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3

Since the volatility is not changing, we can assume that the only change is the underlying asset price $S$. Then \begin{align*} C(S+\Delta) &\approx C(S) + Delta \times\Delta +\frac{1}{2} Gamma \times \Delta^2 \\ &=11.50 + 0.58 \times 0.5 + \frac{1}{2}\times 2 \times (0.5)^2\\ &=12.04. \end{align*}


3

you just add in any auxiliary variables accumulated along the path that determine the pay-off to the regression variables. So path-dependence is not a problem. If you have previous decisions, you may need to do different regressions based on their possible values or make them into a continuous variables that can be used for regression.


2

As your code works for the short maturity case, I assume that it is correct. The volatility of $80 \%$ is simply huge. Thus the area covered by the paths is huge too. As you can read e.g. here the sampling error is proportional to the variance of the process, which is huge in your case. As a brute force solution you can just enlarge the number of samples. ...


2

As barrycarter stated in the comment - the value of a set of [European!] options is the sum of the values of the individual options. This is simply follows from integral of a sum being a sum of integrals. $$butterfly\,option\,price = \\ \int_0^\infty butterfly\,payoff(S) dS = \\ \int_0^\infty (call\,payoff(S,K)+call\,payoff(S,K')+call\,payoff(S,K'')) dS ...


2

The easiest way to think of this is as follows: Settlement Price - Price at which the exchange margins all accounts for those options. Closing Price - Mid/Bid/Ask of Active Market at the exchanges last trade time. E.g. for TY Contracts this is at 5pm EST vs. a Settle Time of 3pm EST. Last Trade Price - Not all options trade every day. This is the price ...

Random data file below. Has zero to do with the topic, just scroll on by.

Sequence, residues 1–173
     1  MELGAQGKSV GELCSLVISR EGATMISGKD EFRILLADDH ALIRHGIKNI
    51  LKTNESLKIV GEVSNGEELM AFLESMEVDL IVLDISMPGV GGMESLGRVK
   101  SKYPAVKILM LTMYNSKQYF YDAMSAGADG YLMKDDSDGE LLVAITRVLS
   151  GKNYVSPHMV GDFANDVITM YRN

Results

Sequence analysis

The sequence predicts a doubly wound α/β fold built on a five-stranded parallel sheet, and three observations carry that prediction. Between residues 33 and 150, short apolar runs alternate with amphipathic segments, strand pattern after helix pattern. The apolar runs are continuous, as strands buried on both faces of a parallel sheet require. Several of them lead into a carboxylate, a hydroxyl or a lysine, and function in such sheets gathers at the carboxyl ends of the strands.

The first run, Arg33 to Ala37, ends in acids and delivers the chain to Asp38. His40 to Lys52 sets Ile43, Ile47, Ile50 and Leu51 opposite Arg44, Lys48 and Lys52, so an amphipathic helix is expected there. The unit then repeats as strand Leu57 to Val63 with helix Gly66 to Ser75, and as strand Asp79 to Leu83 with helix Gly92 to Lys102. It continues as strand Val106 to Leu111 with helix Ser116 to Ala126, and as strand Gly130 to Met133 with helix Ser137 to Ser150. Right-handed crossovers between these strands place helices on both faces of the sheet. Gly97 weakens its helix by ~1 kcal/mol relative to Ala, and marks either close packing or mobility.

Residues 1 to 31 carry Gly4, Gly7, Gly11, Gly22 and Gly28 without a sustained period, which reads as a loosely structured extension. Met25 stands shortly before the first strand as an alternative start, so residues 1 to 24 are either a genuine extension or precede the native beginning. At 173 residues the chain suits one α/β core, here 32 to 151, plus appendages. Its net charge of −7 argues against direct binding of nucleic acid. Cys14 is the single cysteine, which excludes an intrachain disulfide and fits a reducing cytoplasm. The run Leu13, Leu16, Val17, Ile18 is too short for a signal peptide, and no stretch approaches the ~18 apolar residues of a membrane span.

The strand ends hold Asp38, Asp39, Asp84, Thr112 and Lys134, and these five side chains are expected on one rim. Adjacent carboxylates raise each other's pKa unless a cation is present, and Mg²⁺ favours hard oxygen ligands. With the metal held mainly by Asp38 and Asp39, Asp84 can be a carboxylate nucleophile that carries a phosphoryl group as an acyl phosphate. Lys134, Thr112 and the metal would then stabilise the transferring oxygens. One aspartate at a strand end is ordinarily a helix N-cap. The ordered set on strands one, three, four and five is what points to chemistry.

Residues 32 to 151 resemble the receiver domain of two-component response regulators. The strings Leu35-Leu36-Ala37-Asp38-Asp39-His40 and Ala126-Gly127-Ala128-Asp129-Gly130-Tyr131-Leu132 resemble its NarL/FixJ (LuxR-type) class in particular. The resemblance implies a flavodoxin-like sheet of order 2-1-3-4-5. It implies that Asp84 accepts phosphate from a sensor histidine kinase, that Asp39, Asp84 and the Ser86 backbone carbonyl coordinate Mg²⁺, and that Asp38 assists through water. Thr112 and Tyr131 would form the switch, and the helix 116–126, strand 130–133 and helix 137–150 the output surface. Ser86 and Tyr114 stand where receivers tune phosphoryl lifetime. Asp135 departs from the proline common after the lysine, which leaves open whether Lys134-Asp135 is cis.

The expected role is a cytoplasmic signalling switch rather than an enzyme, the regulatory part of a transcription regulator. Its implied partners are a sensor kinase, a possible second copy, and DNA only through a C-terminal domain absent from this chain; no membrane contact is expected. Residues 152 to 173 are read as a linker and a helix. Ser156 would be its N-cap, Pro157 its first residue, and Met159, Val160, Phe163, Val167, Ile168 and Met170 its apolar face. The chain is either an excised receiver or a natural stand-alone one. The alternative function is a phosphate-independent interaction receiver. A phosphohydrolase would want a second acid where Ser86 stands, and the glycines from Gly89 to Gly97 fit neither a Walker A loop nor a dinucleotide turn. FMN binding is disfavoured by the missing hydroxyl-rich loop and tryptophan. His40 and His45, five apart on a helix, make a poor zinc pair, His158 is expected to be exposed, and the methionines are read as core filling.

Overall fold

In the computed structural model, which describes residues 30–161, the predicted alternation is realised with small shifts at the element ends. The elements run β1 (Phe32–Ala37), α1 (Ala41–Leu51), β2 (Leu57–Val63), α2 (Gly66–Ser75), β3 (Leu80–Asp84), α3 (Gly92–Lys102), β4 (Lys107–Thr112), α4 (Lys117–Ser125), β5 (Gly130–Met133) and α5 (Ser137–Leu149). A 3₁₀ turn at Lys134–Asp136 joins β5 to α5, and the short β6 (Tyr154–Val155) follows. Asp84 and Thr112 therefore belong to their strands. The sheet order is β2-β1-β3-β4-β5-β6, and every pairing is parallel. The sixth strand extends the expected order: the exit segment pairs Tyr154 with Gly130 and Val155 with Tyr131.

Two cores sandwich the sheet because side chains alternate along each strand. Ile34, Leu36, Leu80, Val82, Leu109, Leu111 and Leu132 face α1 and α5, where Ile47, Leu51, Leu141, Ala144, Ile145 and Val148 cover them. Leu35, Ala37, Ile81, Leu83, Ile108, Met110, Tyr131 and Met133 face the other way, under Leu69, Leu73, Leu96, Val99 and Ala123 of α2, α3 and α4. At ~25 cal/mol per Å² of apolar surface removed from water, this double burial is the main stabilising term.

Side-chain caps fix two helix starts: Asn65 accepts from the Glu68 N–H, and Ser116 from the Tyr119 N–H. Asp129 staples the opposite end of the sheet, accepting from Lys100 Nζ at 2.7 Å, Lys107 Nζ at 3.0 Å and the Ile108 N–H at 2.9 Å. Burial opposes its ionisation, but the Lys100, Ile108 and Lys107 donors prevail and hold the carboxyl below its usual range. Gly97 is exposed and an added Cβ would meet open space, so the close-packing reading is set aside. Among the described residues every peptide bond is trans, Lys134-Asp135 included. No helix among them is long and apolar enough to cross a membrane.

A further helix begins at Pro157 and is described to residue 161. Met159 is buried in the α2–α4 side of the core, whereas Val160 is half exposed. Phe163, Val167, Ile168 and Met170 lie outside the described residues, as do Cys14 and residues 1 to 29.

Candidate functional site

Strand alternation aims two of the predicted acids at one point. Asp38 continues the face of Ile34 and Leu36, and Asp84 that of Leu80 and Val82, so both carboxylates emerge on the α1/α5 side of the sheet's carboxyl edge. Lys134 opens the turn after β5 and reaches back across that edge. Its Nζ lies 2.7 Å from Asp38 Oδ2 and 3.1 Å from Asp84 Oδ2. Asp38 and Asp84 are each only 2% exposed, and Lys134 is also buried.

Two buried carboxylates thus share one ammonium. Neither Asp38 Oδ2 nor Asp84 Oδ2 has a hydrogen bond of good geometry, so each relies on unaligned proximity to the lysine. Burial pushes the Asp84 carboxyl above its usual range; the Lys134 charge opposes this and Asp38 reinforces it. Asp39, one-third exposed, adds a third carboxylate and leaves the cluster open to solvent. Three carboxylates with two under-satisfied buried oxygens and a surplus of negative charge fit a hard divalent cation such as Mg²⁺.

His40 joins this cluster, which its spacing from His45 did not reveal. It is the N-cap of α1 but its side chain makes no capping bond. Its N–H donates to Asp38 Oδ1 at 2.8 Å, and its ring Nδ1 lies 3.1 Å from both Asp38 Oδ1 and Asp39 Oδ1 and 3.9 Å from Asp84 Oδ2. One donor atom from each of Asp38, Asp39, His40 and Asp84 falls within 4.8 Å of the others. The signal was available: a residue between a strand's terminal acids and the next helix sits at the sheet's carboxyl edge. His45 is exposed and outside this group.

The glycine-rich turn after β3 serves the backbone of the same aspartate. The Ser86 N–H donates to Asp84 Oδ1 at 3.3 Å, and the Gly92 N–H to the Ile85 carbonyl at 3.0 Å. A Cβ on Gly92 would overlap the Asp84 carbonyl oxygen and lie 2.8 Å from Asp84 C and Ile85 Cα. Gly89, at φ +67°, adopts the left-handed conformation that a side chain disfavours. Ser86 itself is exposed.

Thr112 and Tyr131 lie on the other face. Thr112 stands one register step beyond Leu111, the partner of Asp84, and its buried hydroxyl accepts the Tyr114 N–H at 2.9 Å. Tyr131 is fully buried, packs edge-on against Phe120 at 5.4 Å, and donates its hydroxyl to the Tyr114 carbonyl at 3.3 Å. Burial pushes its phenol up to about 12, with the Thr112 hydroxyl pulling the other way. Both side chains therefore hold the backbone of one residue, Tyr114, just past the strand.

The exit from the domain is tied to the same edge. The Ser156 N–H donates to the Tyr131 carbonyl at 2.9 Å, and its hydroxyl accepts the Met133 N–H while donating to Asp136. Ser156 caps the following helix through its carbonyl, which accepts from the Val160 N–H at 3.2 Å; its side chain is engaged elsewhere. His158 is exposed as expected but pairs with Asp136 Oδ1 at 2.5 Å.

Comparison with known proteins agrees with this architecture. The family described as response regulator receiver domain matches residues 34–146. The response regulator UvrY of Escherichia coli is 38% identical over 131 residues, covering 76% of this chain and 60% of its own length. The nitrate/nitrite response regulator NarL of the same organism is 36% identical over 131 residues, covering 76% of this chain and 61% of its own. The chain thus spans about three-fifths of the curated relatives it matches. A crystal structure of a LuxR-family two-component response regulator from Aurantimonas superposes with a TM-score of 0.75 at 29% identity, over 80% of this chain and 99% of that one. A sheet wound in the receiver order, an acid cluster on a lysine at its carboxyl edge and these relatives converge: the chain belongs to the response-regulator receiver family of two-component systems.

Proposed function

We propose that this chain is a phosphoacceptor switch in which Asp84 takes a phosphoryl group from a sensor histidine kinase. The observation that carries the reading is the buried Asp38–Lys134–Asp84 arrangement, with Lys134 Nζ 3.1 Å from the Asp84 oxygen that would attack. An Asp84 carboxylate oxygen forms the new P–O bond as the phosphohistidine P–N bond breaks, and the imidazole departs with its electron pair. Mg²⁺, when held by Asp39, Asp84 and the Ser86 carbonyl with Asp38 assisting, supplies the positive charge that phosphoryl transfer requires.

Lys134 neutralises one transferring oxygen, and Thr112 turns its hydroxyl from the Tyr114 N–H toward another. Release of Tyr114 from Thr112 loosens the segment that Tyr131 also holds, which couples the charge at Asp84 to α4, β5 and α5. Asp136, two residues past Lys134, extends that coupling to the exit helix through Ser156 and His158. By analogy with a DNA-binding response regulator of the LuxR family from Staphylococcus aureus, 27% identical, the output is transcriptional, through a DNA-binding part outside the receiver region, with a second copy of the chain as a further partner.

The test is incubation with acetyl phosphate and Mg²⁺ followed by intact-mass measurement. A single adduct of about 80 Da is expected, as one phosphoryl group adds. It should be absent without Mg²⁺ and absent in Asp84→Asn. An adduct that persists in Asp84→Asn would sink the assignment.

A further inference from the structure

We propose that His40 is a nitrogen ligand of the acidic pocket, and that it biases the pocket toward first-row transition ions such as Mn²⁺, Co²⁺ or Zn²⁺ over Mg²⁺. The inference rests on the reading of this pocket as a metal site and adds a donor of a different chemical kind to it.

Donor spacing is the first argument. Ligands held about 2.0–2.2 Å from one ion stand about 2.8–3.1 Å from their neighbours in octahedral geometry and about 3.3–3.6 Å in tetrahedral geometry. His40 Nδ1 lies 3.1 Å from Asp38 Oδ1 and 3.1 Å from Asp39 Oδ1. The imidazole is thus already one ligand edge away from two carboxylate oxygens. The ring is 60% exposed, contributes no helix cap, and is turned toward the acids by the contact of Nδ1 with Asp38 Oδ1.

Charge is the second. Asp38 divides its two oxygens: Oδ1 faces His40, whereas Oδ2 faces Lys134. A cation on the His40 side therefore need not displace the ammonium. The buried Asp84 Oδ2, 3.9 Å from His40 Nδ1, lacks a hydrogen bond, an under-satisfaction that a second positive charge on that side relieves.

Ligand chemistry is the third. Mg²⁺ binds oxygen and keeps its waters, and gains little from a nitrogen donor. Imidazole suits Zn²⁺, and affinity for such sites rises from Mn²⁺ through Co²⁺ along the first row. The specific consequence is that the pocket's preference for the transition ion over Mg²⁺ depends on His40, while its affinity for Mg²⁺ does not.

1

We consider the forward value, which can be employed to estimate the equity value. Let $T_1=0.5$ be the dividend payment time, and $T=1$. Moreover, let $r_1=5\,\%$ be the annualized interest rate to $T_1$, $r=6\,\%$ be the interest rate to $T$, and $d=5$ be the dividend payment. Then, the forward value, under the risk-neutral measure with the deterministic ...


1

The relationship between interest rates and equity prices being at best unstable and weak, I'll assume that the level of interest rate is irrelevant here. So the answer to your question (price of the equity in a year) is 95, everything else being equal. Of course it's unlikely that the equity will actually price at 95 in a year due to market movements, but ...



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